Monday, August 21, 2017 - 20:59:52

Vietnam can benefit from global transport experience

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Vietnam will derive significant economic benefits if it applies the experience of the world's leading cities without having to upgrade or alter much in the way of existing infrastructure, the Communist Party of Vietnam (CPV) Online Newspaper report, citing a study conducted by London-based consulting firm Credo.

Commissioned by Siemens, the “The Mobility Opportunity” study which was presented in Singapore on June 5, looks at transportation networks in 35 major cities around the globe and assesses how prepared cities are to meet future challenges, including population growth and higher competition.

The results: If all 35 cities studied would implement relative “best in class” standards, they stand to gain an economic benefit of up to 238 billion USD annually by 2030.

Extrapolating to all comparably-sized cities globally with a population of around 750,000 and greater, this suggests an economic opportunity of roughly 800 billion USD annually. This corresponds to about one per cent of global GDP. Today the potential benefit would be about 360 billion USD per year.

Although public transport in Vietnam’s capital, Hanoi, has traditionally been road based, heavy investment in a five line metro network forms a key part of the Vietnamese Government’s plans to encourage modal shift and generate social, environmental and economic benefits, as does Ho Chi Minh City’s six-line equivalent.

The big opportunity for Vietnam is to apply the experience of the world’s leading cities without having to upgrade or alter much in the way of existing infrastructure – particularly so with the metros. It will require significant investment over the long term, but the opportunities for Vietnam to develop world class transportation systems in its major cities are highly significant.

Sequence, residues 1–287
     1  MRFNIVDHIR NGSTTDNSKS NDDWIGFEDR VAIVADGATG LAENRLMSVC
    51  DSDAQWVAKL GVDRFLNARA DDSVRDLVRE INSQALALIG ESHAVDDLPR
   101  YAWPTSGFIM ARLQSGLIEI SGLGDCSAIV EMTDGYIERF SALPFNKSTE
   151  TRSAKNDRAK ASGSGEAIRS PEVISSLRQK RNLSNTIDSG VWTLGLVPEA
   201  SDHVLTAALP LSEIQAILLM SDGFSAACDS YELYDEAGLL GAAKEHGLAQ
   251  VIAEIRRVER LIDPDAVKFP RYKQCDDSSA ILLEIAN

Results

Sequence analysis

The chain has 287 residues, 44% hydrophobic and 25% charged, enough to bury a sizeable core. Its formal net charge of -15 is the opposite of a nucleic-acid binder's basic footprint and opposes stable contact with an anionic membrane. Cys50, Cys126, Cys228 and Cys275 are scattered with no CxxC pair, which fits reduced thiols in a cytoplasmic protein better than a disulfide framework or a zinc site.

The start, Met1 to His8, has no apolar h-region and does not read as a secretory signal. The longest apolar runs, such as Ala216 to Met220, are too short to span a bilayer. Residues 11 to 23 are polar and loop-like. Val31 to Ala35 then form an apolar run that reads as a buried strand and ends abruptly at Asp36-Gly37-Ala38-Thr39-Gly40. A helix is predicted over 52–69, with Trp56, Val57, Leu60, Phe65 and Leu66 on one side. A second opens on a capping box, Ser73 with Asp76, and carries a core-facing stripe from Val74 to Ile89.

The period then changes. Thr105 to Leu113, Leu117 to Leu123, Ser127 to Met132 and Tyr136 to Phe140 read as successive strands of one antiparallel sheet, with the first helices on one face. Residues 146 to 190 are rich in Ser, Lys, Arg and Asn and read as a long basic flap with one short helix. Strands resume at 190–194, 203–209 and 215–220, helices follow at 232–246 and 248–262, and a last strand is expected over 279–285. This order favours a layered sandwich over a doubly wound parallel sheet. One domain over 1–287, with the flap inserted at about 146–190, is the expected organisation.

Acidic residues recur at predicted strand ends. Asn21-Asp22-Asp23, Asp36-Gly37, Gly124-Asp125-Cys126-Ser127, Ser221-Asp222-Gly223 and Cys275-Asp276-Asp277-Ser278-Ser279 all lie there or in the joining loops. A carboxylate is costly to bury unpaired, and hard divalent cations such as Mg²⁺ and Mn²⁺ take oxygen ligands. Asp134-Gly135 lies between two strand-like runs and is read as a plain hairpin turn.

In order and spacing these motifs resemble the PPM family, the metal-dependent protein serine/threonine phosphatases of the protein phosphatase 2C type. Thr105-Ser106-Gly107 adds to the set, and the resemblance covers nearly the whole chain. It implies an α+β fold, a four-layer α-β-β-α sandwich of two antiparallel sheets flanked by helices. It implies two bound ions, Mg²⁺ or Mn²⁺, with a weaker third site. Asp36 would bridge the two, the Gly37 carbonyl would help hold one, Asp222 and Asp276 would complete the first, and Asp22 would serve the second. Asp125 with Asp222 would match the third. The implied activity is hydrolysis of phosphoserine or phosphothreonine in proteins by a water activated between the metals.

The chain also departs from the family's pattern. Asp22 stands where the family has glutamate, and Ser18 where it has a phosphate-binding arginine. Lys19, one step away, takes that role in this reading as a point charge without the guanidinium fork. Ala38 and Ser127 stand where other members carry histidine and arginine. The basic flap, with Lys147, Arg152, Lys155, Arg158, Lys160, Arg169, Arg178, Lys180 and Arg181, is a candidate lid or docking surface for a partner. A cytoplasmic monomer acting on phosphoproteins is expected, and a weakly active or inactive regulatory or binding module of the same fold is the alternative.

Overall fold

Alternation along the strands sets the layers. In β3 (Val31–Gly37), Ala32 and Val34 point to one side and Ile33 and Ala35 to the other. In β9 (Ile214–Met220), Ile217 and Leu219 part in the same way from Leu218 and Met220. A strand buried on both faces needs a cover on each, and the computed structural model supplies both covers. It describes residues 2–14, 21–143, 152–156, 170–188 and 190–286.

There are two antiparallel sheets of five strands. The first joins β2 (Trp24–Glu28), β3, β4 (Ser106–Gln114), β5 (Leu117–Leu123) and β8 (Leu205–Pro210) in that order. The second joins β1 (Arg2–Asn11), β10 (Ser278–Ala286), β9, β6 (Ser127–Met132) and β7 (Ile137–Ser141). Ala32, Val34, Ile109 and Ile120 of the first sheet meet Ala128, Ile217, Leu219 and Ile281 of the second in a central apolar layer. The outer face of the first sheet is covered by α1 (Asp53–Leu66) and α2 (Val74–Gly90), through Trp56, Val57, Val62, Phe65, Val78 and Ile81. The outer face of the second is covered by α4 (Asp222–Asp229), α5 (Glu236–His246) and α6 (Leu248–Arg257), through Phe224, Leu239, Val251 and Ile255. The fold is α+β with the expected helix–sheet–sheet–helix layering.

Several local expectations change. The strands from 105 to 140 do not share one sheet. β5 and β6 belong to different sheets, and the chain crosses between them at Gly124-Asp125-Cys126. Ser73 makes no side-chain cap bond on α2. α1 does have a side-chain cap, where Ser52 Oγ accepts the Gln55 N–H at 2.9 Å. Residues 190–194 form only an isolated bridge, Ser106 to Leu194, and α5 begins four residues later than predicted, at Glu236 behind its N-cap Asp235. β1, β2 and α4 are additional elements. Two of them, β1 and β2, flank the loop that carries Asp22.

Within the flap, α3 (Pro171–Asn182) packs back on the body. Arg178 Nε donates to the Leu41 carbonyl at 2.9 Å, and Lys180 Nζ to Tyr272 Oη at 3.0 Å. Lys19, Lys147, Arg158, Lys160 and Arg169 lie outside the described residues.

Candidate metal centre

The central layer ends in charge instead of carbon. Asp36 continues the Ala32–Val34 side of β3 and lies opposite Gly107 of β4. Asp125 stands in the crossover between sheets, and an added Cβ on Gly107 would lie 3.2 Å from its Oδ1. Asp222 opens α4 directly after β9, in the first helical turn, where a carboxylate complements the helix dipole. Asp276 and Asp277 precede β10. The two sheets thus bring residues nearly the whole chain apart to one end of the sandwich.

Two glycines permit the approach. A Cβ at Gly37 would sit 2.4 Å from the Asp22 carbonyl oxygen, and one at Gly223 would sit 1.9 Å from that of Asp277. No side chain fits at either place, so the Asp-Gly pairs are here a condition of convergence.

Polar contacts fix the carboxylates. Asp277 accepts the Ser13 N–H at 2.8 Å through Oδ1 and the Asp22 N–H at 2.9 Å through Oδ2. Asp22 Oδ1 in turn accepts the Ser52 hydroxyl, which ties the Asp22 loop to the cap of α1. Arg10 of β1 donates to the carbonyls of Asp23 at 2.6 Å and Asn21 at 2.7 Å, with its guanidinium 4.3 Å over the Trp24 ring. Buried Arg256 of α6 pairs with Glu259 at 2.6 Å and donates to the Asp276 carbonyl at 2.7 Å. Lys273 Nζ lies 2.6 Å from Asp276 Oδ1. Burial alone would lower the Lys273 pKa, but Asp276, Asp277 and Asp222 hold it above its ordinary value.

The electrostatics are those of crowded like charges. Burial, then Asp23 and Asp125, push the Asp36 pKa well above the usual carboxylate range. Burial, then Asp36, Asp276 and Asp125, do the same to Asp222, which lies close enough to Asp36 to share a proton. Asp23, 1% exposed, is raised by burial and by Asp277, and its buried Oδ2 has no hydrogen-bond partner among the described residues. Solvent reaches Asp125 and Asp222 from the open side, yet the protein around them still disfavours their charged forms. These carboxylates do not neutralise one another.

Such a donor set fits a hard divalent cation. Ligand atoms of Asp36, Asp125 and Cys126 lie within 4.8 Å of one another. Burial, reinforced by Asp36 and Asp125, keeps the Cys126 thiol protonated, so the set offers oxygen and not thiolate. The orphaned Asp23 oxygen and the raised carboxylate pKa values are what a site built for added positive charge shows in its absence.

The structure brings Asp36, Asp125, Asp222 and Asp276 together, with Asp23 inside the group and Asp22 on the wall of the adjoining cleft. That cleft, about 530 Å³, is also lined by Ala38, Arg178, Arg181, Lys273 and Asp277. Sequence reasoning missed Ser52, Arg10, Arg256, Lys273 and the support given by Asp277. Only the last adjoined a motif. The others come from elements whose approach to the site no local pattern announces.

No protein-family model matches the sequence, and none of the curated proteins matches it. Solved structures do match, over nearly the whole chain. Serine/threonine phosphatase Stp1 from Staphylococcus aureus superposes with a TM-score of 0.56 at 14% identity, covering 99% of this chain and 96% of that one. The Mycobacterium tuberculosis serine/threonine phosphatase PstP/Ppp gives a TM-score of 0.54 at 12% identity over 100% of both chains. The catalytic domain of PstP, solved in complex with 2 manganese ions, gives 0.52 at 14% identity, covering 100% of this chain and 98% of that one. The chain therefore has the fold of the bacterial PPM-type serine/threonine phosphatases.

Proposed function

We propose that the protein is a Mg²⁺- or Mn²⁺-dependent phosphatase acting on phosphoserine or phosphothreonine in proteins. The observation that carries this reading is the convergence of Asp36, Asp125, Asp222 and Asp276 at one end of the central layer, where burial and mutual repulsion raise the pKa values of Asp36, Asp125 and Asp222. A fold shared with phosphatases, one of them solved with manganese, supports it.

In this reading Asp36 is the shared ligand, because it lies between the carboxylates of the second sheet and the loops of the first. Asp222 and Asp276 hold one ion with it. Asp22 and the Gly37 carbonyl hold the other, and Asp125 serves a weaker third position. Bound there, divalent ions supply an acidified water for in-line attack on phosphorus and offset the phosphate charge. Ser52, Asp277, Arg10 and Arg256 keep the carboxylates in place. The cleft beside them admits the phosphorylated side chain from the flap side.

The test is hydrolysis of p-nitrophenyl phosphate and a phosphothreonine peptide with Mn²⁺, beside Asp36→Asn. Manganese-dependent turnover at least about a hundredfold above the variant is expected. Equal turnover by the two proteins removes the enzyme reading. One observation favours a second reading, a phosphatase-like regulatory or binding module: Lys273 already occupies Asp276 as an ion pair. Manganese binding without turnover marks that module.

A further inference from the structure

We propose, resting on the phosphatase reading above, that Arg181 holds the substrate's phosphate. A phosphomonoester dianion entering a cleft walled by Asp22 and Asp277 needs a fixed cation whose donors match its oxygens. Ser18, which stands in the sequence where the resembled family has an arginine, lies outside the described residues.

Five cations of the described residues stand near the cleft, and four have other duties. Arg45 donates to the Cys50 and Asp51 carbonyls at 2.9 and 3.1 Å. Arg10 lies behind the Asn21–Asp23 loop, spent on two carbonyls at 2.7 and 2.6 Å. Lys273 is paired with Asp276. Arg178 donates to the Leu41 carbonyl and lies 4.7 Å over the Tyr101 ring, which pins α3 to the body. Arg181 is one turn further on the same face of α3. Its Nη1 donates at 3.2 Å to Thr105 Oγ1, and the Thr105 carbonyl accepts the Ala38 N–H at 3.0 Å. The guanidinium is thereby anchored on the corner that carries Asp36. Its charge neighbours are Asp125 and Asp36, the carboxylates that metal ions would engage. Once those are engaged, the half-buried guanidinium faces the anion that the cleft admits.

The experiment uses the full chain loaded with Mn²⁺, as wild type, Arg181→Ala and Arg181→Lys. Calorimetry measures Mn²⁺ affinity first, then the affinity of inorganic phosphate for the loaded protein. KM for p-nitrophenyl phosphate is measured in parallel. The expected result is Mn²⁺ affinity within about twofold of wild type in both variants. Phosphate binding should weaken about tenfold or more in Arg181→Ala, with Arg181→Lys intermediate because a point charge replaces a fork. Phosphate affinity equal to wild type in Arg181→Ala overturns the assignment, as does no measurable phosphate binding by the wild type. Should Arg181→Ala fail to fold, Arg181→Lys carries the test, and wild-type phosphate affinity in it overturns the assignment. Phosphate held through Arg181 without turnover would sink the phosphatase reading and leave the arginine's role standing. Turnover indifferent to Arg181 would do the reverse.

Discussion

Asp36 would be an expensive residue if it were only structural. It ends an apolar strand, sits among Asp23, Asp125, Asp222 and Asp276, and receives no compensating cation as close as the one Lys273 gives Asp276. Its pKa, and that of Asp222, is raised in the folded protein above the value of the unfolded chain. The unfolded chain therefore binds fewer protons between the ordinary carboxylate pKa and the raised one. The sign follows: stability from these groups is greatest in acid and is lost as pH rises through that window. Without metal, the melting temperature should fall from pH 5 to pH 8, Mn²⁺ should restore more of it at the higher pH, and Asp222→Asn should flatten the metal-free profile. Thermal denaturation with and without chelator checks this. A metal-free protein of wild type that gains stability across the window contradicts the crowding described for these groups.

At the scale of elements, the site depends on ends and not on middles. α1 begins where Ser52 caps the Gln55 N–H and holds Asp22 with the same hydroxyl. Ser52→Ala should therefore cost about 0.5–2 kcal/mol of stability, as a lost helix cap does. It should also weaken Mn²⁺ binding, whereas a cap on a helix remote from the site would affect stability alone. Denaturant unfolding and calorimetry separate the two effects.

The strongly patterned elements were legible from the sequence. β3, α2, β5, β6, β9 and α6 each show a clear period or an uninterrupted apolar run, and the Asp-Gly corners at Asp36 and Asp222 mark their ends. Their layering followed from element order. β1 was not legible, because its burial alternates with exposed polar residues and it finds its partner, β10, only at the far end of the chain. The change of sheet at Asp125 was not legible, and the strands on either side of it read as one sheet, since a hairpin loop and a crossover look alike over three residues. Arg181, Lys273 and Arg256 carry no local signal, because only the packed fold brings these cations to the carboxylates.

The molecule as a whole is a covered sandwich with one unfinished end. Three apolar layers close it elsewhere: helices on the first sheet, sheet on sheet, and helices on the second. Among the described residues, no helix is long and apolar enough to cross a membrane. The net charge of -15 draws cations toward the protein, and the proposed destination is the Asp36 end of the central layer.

Transport is considered one of the major factors of a city’s competitiveness. However, lack of financial resources often constrains cities’ ability to invest in their transport networks.

This study is unique in seeking to put an economic value on the cost of inefficient transport, thus helping cities make the case for investment. Some of the factors considered were journey times, crowding and network density, all of which impact a city’s productivity.

In order to have a reasonable comparison, the study groups cities into three categories to account for different levels of wealth and development. According to Credo, the most cost-efficient cities are: Copenhagen, Denmark (Category “Well-established cities”); Singapore (Category “High-density compact centers”); Santiago, Chile (Category “Emerging cities”).

Then, Credo compared cities to the leading city in their category. The comparison enabled them to quantify the economic benefits that investments in transport would bring, such as higher productivity and new economic activity.

Finally, Credo has developed some key pointers on how cities can realise the potential economic uplift. Case studies show how potential investments can pay off.

"All cities can learn from the leading cities in their category in order to close the gap of their transport networks’ efficiency, reduce costs and increase productivity. Because the more efficient a city’s transport network is, the more attractive the city is to business and people", commented Chris Molloy, Partner at Credo.

"The best transportation systems are the ones that move people quickly, easily, and comfortably to their destination. The leading cities are already achieving this with efficient transport networks that feature modern infrastructure, easy connections across various modes of transportation, and, above all, a clear strategy of how to meet future needs,” said Roland Busch, CEO of the Siemens Sector Infrastructure & Cities and member of the Managing Board of Siemens AG.

Cities are the engines for future growth. They generate 80 percent of global economic output. However, in a globalised economy, with businesses and workforces increasingly able to relocate internationally, they must compete to offer the most attractive environment for economic activity.

The study “The Mobility Opportunity” is geared toward city decision-makers around the world so that they may use its recommendations to achieve the greatest economic benefit.-VNA
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